Management and Cost Estimation of Security Projects

Management and Cost Estimation of Security Projects

Yosra Miaoui (University of Carthage, Tunisia), Boutheina A. Fessi (University of Carthage, Tunisia) and Noureddine Boudriga (University of Carthage, Tunisia)
Copyright: © 2015 |Pages: 12
DOI: 10.4018/978-1-4666-5888-2.ch505
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Background

The evaluation of the cost associated to a security project cannot be done using traditional software cost estimation models due to differences between software and security projects. Several works have addressed issues and provided various models for cost estimation of security and risk management projects, helping managers reasoning on the cost associated to security decisions, solutions and projects, before they make or conduct. Several of these models considered a security policy, which is serving as a document specifying the security requirements, as the key element for estimating the effort required to achieve a security project and computing its cost. The estimated effort can be seen from two perspectives. The former is related to the technical issues surrounding the acquisition and development of security prevention, detection, and reaction components, and the update and upgrade of systems, configurations, and libraries. The latter is related to the managerial issues surrounding the development and planning of training programs to employees and security administrator, the development of internal procedures and guidelines, and the development of security strategic intelligence within the enterprise

Key Terms in this Chapter

Awareness: the extent to which an individual who has access to the information system assets is aware of: the importance of security and dangerousness of attacks; the enterprise’s security requirements; and its responsibilities regarding the enforcement of security inside the information system.

Security Policy: is a document that lays the framework for information system security of the enterprise. Through this framework, a security project team can draw intelligible objectives, plans, rules and formal procedures required to manage and protect the sensitive enterprise information system from different attacks.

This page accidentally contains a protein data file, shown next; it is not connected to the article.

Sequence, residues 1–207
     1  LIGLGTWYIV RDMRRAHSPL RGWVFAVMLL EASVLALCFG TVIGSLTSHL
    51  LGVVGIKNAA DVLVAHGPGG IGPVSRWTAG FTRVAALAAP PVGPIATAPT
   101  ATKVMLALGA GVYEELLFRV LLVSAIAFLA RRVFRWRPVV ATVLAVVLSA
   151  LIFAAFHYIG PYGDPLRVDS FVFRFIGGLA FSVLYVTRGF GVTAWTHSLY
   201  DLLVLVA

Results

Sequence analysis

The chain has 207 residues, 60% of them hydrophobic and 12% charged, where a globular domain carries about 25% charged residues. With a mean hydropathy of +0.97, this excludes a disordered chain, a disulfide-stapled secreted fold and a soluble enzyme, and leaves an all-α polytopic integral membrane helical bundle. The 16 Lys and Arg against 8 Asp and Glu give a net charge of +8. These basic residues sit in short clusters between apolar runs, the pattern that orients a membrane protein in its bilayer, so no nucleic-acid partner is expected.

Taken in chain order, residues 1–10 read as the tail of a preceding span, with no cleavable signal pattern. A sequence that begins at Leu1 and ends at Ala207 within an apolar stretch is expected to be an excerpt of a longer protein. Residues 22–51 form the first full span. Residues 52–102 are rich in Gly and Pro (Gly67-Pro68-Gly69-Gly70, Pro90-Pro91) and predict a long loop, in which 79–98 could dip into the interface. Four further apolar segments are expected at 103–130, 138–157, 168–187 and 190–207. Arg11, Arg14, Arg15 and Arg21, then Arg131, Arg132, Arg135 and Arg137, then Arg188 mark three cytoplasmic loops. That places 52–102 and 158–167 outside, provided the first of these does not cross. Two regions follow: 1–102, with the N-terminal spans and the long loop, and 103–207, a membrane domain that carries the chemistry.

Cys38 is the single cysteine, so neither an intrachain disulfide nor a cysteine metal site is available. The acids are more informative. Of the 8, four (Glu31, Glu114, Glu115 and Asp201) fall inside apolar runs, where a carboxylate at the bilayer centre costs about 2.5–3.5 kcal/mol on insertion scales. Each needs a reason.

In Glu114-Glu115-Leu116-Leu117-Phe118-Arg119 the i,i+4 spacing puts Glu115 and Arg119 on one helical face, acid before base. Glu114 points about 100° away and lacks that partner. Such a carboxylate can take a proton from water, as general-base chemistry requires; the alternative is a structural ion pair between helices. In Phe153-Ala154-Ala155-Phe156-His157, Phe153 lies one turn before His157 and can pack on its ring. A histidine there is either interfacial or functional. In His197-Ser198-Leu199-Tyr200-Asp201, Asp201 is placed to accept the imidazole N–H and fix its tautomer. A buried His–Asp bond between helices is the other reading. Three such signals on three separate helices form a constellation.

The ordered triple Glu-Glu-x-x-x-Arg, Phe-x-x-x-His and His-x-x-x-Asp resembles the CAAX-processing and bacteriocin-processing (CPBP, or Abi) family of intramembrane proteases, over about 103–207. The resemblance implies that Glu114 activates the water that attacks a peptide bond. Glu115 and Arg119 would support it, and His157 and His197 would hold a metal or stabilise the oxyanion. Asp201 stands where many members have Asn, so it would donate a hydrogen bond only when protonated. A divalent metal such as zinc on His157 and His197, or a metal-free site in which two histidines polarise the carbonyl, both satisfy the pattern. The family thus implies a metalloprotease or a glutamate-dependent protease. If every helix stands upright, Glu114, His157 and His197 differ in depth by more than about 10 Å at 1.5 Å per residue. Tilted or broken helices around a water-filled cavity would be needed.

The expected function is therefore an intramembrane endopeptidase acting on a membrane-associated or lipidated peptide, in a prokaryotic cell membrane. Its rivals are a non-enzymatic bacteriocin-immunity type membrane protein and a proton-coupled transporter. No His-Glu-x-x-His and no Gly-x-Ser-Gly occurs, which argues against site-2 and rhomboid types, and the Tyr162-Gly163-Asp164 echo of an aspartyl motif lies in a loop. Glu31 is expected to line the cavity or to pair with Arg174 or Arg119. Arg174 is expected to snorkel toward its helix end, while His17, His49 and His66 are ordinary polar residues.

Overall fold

Residual Risk: A quantification of the risk, or the degree of exposure, that the protected information system will incur, after deciding to counter or eliminate known risk.

Countermeasure: A measure taken to prevent, counter, correct, or minimize the effect of an attack. This measure could be in the form of action, mechanism, procedure, or technique.

Threat: Indication about a potential event that can harm the security of the protected resource. A threat can turn to a security attack once a vulnerability that can be exploited is found.

Project Management: is a common framework providing managers with principles, techniques, and tools needed to manage project team effort efficiently (in a timely manner, and utilizing the forecasted resources), and therefore to meet successfully the enterprise’s project objectives.

Security risk: is the likelihood that enterprise assets (i.e. information, systems and network infrastructures, data, programs and applications) be targeted by a successful attack.

Vulnerability: A defect or weakness in information system’s assets or mechanisms, which could lead to a security breach when exploited by malicious entities.

Security Attack: Any form of malicious or actions taken to harm the security of information system components. An action is classified as malicious with respect to the enterprise security policy.

Risk Management: is a methodical approach that aims to control risk through developing systems and procedures allowing managers to anticipate, identify, estimate and effectively dealing with risks inherent to any project.

Information System: A set of interconnected components (technology, process and people) that collect, process, store, and distribute information to sustain decision making and control in an enterprise.

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